A news organization funded in part by one of the subprime mortgage crisis’ biggest beneficiaries sponsored a journalism series targeted at high interest loans.
ProPublica, a left-leaning nonprofit investigative news outlet, teamed with Marketplace, a National Public Radio (NPR) show sponsored by American Public Media, last week to expose "deceptively expensive" high interest lending practices aimed at poor customers.
The series took a harsh look at installment and payday loans. These organizations provide high interest loans for small amounts to people with bad credit rates. One ProPublica story, for instance, highlighted a Wal-Mart employee whose $207 loan cost her $350.
"A credit check showed "my FICO score was 500-something," [the borrower] remembered, putting her creditworthiness in the bottom 25 percent of borrowers. "But they didn't have no problem giving me the loan."
She walked out with a check for $207. To pay it back, she agreed to make seven monthly payments of $50 for a total of $350. The loan papers said the annual percentage rate, which includes interest as well as fees, was 90 percent.
ProPublica has pocketed substantial donations from Herbert Sandler and his late wife, Marion, who made a fortune on subprime mortgages issued to poor customers with bad credit. The Sandlers’ World Savings Bank pioneered the technique of adjustable rate mortgages that offer easy money to customers, but carry high interest rates. The couple sold the bank for $2.3 billion in 2006 to Wachovia.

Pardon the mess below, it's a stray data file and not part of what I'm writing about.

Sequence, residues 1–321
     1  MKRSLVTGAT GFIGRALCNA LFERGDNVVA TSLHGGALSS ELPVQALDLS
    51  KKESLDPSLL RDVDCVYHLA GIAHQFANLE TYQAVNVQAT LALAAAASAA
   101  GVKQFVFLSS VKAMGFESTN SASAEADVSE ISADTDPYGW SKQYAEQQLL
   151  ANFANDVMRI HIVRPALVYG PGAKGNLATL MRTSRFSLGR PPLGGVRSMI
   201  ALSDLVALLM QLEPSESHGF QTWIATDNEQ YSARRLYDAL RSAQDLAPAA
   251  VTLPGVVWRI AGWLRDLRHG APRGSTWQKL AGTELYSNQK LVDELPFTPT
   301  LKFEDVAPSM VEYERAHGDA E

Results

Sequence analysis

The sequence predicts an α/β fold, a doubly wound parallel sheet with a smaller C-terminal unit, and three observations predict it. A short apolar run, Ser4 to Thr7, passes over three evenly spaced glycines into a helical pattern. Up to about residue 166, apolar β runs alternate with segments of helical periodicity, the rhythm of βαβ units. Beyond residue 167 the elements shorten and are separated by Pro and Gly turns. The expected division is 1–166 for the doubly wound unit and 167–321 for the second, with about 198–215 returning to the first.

The sale played a major role in the financial crisis. Wachovia imploded under the weight of the risky lending liabilities. It folded and was subsequently purchased by Wells Fargo.
After the sale, the Sandlers approached ProPublica founder Paul Steiger about spending as much as $10 million per year on investigative journalism. The Sandlers do not publicize how much they have given, but ProPublica lists the Sandler Foundation as a supporter on its website.
They provided $20 million in seed money to launch the Center for American Progress in 2003 and gave millions to far-left groups, such as ACORN and MoveOn.Org.
The couple’s focus on funding media initiatives led the liberal site Slate.com to conclude that they wanted to "return us to the days of the partisan press."
Neither ProPublica, nor American Public Media returned emails for comment.